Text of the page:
Of course, the Athearns will tell you – as they have told Alison and me – that they have not done all this to earn a medal. Again, we know why they have done it. Again, it almost goes without saying as to why.
But what Alison and I wager they don't know – or at least, that they don't think about very much – is that they have set an example for all of us who love Martha's Vineyard and look to places and ideas like Morning Glory Farm to understand how and why the Island is different from other places around us.
It turns out that a surprising but fundamental lesson of Morning Glory and the family that built it from scrubby waste land is that the character and traditions of the Vineyard are not based on things that have always been here, but on people who were (and still are) capable of ceaseless amounts of imagination and daring and hard work and who found a home where they could apply their singular gifts to invent something lasting where once there had been nothing.
And so to honor this perpetual spirit of hard work and creation – as well as the tradition it has enlivened and the Island character it fortifies -- it is one of the great privileges of our lives for Alison and me to present, on behalf of the Martha's Vineyard Museum, the Martha's Vineyard Medal to James and Deborah Athearn and the Athearn family of Morning Glory Farm.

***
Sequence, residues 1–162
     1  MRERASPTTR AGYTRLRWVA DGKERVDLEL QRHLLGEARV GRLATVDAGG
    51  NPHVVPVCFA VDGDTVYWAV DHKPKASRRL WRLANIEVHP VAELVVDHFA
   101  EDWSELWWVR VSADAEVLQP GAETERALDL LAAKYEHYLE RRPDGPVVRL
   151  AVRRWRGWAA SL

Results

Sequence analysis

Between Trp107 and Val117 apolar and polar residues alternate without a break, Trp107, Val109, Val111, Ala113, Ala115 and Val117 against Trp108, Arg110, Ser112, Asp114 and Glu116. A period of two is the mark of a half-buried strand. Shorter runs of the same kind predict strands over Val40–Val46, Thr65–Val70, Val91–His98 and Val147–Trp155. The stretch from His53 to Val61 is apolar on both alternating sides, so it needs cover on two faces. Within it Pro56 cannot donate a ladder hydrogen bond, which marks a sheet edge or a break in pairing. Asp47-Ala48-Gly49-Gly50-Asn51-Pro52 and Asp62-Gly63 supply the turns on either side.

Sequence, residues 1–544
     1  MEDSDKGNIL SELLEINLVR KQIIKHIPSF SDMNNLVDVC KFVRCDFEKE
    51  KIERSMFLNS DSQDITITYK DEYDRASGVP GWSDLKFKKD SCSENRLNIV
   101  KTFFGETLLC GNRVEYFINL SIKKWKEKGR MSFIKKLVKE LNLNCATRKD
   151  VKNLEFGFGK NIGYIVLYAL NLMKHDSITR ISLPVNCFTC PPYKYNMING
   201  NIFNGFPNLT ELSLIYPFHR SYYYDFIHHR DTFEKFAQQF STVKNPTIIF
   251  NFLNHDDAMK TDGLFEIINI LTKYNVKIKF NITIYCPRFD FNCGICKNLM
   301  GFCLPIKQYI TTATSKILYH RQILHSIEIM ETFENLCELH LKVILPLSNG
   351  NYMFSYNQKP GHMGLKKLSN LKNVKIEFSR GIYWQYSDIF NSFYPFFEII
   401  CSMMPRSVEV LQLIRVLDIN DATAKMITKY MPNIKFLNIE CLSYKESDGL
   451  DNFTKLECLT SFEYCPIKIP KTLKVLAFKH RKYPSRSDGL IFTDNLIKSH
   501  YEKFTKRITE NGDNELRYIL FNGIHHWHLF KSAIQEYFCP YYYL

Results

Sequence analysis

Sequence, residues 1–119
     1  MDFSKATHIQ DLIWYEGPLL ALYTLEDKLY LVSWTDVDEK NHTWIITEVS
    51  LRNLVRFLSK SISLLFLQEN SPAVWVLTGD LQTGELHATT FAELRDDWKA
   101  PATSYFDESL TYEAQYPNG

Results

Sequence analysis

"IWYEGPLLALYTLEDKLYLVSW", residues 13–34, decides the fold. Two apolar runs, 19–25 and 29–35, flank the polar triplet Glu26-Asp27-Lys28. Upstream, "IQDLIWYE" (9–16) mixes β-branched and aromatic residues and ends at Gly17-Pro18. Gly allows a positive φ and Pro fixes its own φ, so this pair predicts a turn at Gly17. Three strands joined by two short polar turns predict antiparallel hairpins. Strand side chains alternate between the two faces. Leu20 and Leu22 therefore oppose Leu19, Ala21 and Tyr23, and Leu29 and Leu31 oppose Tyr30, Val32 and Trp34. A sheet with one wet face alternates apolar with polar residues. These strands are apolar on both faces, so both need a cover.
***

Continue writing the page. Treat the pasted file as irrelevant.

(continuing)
Thank you all very much for your kind applause and for this recognition. This is the family and they are all fellow farmers with us, and they have all had a role in what we do and I could go into detail extensively but they are all crucial to our success. It is an honor to be recognized by the Museum as an organization whose opinion matters very much to us. And also to be recognized along with the other honorees… in the presence of such community leaders and talented people, like the woman who wrote the book that acted as a time machine for me this winter as I went back to the 17th century in Caleb's Crossing and walked along the people that I've known all these years but never had the opportunity to meet and it's that sense of history that my father gave me as nearly anything in normal conversation as one story or another would crop up and he would refer to place names and always be shocked that we kids didn't know where they were. And also that sense of history which I think contributed to my wanting to be a farmer because I recognized as I plow and plant and tend cattle and make hay that these activities are particularly satisfying because I know that they have been done for centuries and thousands of years by the people before me. I don't know why that's satisfying, I can't put it into words, but I have a feeling that all of you people involved at the Museum have that same sense of history and why it's important so thank you to the Museum for what it does and maintaining our culture and history and archives of what we've done here and thank you again for the honor.